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Brands and Asian women: Getting it right

Highlights
  • Over half of the Indonesian women want to open their own business
  • China has the highest rate of working women in Asia
  • 91 per cent of Indian women believe education is the most important criteria for a successful woman
  • 90 per cent of Indonesian women say advertisers could do more to connect with them

Women’s roles are shifting rapidly across Asia with new career opportunities, better education and loosening traditions. Women are challenging traditional notions and redefining their roles in Asian society today from recasting the ‘left over women’ phenomena in China to riding the technopreneur wave in Indonesia, according to a report by JWT.

The report surveyed 1,500 women aged 20-45 in China, India and Indonesia. The aim was to examine and contrast attitudes toward finances, career, dating, family roles and beauty norms – and understand what this means for marketers and brands.

“The aim of this study was to go ‘beneath the surface’ and understand new opportunities and tensions for women in Asia’s powerhouse economies – China, India and Indonesia. To uncover how women based on their unique cultural context are navigating these changes differently,” said Atika Malik, Global Planning Director, J Walter Thompson.

Over half of the Indonesian women want to open their own business – much higher than any other market. Technology is making this easier, leading to a mushrooming of ‘Instashops’.

In Indonesia, women are making headway in non-traditional fields, from business to sport. Today’s role models include World Bank COO Sri Mulyani and the country’s first female F1 driver Alexandra Asmasoebrata. Yet 90 per cent of Indonesian women say advertisers could do more to connect with them, for example, with more realistic portrayals of today’s women in advertising.

These findings highlight that work is the most influential driver of change for Indonesian women, but those in rural parts of Indonesia are often left out. Brands that help women navigate tradition and modernity will strike a chord with women. Financial institutions, mortgage lenders and car companies tend to overlook women, even though many women make significant financial decisions in the family.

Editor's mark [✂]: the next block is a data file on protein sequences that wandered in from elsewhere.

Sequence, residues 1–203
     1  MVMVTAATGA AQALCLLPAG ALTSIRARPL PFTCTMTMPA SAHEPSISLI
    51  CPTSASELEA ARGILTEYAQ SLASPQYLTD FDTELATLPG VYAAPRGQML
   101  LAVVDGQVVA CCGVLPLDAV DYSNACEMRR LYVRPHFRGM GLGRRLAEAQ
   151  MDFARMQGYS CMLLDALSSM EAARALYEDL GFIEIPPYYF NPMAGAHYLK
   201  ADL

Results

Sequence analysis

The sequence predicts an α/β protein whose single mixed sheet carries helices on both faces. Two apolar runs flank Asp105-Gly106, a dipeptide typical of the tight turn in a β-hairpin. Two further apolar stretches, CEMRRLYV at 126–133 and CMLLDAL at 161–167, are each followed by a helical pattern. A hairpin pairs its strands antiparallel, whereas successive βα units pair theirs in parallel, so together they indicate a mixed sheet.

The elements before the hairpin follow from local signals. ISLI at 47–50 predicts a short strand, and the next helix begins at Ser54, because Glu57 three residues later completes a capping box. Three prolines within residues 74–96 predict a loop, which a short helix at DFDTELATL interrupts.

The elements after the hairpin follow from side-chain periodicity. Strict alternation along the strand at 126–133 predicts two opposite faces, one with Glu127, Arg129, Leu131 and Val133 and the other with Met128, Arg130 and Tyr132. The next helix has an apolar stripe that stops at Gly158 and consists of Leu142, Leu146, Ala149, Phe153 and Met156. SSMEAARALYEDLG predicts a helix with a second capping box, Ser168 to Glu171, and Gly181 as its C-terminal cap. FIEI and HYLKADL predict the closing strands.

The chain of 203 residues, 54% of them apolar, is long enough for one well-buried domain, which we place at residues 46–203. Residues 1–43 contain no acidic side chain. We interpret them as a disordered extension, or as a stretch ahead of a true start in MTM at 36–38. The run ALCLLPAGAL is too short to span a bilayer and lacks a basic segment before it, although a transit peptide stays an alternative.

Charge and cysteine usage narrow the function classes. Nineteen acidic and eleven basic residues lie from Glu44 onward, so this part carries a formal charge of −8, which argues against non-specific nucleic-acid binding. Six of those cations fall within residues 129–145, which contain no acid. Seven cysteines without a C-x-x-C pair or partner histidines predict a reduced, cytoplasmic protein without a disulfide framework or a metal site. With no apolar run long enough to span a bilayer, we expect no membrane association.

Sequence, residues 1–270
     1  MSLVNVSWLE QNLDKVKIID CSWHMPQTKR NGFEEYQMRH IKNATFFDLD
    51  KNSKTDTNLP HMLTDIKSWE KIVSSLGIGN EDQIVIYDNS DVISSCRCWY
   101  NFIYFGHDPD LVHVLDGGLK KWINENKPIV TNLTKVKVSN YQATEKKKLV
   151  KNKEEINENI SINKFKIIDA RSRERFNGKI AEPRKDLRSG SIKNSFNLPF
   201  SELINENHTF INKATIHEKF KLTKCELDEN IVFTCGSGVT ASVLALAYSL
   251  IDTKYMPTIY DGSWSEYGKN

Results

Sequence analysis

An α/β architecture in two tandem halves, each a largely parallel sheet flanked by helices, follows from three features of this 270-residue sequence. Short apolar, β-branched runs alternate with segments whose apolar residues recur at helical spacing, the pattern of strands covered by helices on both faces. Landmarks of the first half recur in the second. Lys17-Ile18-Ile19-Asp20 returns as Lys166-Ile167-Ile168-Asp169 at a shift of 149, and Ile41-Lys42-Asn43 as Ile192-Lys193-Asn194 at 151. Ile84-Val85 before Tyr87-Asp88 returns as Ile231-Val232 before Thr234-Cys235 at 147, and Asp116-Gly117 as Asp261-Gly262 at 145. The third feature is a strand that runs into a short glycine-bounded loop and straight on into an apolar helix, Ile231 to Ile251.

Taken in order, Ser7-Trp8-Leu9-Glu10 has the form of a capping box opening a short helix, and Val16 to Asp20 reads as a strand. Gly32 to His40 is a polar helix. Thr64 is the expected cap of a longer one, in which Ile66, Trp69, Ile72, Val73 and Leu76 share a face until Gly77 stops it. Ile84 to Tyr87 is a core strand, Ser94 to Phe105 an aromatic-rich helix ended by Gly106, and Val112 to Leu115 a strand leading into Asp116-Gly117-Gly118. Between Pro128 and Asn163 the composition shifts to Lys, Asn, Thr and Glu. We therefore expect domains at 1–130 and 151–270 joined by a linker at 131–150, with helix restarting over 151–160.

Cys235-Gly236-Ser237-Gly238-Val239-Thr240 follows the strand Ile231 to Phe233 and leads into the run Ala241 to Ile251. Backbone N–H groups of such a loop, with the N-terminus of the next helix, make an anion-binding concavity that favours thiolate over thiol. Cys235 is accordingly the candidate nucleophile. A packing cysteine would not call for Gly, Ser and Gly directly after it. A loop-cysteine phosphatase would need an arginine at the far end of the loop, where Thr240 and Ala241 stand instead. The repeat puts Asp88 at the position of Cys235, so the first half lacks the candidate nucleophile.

According to the report, China has the highest rate of working women in Asia. But Chinese women, who face expectations to settle down, have children – and take care of aging parents – also want a more equal relationship at home. Getting along with their in-laws is a number one key to happy marriage. Most Chinese women believe that beauty is extremely important to succeed in the workplace. Only 13 per cent of Chinese women want to look beautiful in order to attract men.

The report highlights that this new generation of financially independent Chinese women provides opportunities for categories like real estate companies, banking and auto marketers. Advertising role models must portray both beauty and brains. With grandparents increasingly doing parental roles, brands should include them in childcare directed communication.

The number of working women in India is low and falling – from just over 37 per cent in 2005 to 30 per cent in 2013 – but that’s partly because more women are studying longer. Around 91 per cent believe that being educated is the single most important criteria for a successful woman.

Career women earning their own money are redefining traditional gender roles. About 64 per cent of the women surveyed felt their opinion is valued at home and work. Popular culture and advertising are challenging traditional stereotypes in the country and they felt that advertising reflected them better than in China or Indonesia.

The report suggests that Indian brands must keep up with and even lead popular culture, celebrating talent and encouraging women to find their identity. Maybe because many ads have started to show a more nuanced portrayal of women, Indian women see advertising in most categories as resonating with them, with the exception of real estate.

“Brands need to understand culture and tradition in Asian society, but they also need keep pace with the changing narrative among women in key, emerging markets. And that’s a message for all brands, not just those that typically ‘talk’ to women. Categories that have traditionally focused on men could also do more to reach out to the region’s female consumers, who have more to spend and are driving both household consumption and family finances in these key markets,” said Tom Doctoroff, J. Walter Thompson Asia Pacific CEO.

Shubhi Tandon

Shubhi Tandon is the Assistant Editor at Digital Market Asia. Fascinated by the evolving digital media industry, she has focussed on tracking developments in the Asia Pacific market since 2014.
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